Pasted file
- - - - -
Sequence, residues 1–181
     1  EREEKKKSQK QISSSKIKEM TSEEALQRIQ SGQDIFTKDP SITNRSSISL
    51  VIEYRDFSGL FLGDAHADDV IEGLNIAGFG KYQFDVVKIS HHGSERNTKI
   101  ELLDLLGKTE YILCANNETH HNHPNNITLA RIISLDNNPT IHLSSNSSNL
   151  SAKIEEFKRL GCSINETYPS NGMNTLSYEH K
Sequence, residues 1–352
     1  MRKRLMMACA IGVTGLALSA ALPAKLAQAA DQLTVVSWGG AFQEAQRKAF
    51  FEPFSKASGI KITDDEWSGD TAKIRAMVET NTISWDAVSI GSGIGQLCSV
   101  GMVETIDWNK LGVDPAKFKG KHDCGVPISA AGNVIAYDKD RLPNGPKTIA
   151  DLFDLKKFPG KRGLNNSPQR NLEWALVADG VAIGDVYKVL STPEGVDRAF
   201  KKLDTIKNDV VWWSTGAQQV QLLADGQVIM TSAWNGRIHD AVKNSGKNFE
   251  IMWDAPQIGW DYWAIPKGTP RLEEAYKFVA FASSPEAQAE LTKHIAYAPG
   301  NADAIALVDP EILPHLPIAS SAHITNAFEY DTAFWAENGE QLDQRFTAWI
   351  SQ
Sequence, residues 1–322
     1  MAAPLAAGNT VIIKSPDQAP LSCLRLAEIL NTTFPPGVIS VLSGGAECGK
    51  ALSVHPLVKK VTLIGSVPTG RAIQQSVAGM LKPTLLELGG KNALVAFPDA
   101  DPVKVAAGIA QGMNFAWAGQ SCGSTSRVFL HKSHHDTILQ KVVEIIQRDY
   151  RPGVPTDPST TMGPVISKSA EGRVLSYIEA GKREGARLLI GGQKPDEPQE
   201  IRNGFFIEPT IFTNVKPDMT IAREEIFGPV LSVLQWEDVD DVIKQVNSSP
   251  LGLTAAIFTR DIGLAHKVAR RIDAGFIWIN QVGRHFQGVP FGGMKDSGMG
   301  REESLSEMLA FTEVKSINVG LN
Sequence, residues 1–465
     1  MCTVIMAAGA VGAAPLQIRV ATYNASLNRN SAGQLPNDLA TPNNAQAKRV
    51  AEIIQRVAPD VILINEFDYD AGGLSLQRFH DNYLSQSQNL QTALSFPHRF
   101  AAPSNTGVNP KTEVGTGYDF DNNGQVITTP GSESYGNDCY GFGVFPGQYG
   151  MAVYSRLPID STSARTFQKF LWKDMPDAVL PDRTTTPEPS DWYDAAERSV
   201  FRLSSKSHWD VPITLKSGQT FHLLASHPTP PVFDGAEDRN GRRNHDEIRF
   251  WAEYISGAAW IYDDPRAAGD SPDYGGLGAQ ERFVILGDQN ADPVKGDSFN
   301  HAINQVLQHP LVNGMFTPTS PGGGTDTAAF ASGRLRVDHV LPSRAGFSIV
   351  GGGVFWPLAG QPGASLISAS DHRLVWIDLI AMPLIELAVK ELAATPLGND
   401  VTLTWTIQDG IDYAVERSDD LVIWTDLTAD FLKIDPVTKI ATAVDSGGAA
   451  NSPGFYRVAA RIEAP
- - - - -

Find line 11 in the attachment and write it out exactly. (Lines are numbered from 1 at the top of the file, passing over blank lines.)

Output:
   201  KKLDTIKNDV VWWSTGAQQV QLLADGQVIM TSAWNGRIHD AVKNSGKNFE